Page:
The RCA product can be further amplified by E. coli or yeast culture or amplified by Polymerase Chain Reaction (PCR) to produce large amounts of probes with low cost. Other linear nucleic acid polymeric sequence probes, such as RNA polymeric sequence probes, can be made by reverse transcription from DNA probes. DNA polymeric sequence probes can also be used to transcript other nucleic acid polymeric sequence probes such as peptide nucleic acid (PNA), locked nucleic acid (LNA), glycol nucleic acid (GNA), threose nucleic acid (TNA), or combinations by the methods for the nucleic acid synthesis described above.
 Conversely, other nucleic acid polymeric sequence probes such as peptide nucleic acid (PNA), ribonucleic acid (RNA), locked nucleic acid (LNA), glycol nucleic acid (GNA), threose nucleic acid (TNA), or combinations of them can reversely transcript DNA polymeric sequence probes.
 Peptide polymeric sequence probes can be made by translation from nucleic acids or chemical synthesis. Thus, the invention provides an efficient method to prepare peptide-based polymeric sequence probes by taking advantage of the methods to synthesize nucleic acids of any complexity as described above, and then translating the nucleic acid molecule that results into a peptide/protein probe. Translation make be conducted either in vivo or in vitro.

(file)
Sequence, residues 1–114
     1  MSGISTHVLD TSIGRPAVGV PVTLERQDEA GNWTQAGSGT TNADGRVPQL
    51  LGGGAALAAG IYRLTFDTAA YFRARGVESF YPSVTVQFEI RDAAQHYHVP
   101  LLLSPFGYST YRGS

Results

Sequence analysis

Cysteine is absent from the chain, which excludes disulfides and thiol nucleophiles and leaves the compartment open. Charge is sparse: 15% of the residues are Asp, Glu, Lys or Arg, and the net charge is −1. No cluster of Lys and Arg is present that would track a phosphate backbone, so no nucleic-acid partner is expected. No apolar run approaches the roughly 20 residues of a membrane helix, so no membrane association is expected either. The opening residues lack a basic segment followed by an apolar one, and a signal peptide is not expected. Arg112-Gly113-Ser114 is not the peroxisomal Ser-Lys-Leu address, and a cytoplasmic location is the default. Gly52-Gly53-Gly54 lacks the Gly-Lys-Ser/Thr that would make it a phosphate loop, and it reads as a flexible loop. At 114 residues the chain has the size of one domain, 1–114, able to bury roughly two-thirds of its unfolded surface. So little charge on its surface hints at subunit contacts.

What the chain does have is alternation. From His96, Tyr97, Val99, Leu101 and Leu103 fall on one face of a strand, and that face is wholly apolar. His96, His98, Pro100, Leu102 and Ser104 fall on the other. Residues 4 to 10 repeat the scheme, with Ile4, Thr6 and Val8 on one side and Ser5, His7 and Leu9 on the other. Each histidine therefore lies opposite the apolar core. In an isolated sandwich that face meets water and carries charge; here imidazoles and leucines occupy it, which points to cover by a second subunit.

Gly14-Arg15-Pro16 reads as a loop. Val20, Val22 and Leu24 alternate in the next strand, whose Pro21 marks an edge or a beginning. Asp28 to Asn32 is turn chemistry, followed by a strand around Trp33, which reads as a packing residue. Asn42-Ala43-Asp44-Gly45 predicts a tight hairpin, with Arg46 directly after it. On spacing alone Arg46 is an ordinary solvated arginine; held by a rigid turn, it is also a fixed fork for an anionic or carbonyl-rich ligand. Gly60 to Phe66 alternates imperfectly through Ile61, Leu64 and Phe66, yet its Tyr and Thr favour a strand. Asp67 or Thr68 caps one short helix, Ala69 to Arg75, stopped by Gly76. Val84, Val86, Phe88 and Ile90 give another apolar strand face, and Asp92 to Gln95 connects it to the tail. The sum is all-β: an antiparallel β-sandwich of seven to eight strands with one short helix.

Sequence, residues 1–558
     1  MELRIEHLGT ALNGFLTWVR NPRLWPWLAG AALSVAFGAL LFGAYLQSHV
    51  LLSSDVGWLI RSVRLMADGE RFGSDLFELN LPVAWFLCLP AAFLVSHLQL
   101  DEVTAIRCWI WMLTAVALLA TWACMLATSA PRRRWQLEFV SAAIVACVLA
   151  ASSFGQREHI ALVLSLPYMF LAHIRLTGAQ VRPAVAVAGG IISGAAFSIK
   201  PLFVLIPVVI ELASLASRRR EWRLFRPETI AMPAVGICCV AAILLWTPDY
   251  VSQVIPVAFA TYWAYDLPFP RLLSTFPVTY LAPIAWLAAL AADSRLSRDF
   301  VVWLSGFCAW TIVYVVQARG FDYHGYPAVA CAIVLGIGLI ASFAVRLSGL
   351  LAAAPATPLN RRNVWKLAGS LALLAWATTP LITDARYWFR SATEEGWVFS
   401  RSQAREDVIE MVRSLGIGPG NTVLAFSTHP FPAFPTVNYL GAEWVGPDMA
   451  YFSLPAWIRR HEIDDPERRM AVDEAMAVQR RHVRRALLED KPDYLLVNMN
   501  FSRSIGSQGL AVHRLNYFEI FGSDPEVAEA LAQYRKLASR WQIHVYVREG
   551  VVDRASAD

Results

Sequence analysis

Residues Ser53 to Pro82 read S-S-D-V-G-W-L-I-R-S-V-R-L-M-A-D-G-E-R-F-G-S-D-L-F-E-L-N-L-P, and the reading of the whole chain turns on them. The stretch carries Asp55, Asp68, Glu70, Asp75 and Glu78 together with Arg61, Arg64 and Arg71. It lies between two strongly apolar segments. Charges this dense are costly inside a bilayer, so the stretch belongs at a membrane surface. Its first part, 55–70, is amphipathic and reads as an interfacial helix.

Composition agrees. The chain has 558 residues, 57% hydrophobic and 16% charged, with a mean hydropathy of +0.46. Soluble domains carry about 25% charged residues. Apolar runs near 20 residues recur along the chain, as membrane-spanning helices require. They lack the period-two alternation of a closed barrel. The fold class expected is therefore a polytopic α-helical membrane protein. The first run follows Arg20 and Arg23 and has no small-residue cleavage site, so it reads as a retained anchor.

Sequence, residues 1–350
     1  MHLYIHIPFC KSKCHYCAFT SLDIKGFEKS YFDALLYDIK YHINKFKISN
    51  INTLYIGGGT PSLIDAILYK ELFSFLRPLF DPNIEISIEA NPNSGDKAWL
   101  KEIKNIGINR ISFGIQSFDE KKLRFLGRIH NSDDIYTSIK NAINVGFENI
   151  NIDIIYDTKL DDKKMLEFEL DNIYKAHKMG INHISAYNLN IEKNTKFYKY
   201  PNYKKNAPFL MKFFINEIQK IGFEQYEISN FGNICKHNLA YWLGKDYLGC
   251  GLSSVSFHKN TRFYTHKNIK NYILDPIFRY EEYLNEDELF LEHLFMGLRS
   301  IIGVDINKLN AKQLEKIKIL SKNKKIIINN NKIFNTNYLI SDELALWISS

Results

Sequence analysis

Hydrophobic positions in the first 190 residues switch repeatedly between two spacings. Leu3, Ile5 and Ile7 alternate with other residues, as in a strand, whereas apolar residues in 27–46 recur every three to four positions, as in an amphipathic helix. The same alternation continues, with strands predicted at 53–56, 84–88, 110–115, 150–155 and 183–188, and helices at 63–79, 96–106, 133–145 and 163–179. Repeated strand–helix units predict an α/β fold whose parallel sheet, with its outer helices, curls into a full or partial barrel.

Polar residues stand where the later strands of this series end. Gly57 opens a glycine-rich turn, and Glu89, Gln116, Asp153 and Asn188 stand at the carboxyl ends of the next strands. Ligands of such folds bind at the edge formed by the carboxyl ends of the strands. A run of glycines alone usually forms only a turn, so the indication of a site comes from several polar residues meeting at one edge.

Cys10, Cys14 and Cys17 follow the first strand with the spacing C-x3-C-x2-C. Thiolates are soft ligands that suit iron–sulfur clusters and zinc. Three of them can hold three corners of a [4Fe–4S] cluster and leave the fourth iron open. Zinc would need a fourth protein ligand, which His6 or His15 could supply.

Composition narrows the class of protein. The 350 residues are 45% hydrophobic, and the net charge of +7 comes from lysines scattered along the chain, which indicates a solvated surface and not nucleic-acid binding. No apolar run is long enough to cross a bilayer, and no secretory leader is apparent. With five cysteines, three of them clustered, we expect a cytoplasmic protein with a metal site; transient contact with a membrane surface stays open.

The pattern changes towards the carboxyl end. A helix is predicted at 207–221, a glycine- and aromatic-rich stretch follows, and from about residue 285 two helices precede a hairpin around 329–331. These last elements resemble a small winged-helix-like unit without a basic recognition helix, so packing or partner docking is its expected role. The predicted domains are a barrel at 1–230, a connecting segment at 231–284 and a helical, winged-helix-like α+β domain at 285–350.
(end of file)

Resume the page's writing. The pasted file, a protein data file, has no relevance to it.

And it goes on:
For in vivo translation, the nucleic acid molecule prepared according to the foregoing method is provided with expression control sequences and inserted into host cells for expression and translation into protein. The polypeptide chains thus produced can be extracted from the cells and purified using conventional techniques; purification is eased by the repetitive amino acid sequences included in the resulting polymeric sequence probe. In vitro translation systems are also available as cell-free extracts, for example, from rabbit reticulocytes, wheat germ, E. coli and other cellular sources. These systems contain the necessary components for translation from RNA, i.e., ribosomes, tRNA's, aminoacyl tRNA synthases and other factors required for translation; supplementation may be required as is understood in the art, with energy sources, amino acids and other required factors. Starting with the nucleic acids obtained by rolling circle amplification, which is conventionally and most conveniently DNA, means for transcribing the DNA into RNA must also be included. Again, purification by conventional means is performed if needed.
 Translation of nucleic acid into protein is well understood in the art, and the foregoing simply alludes to the more common approaches. Modified forms of nucleic acids to the extent they are workable in translation systems may also be used.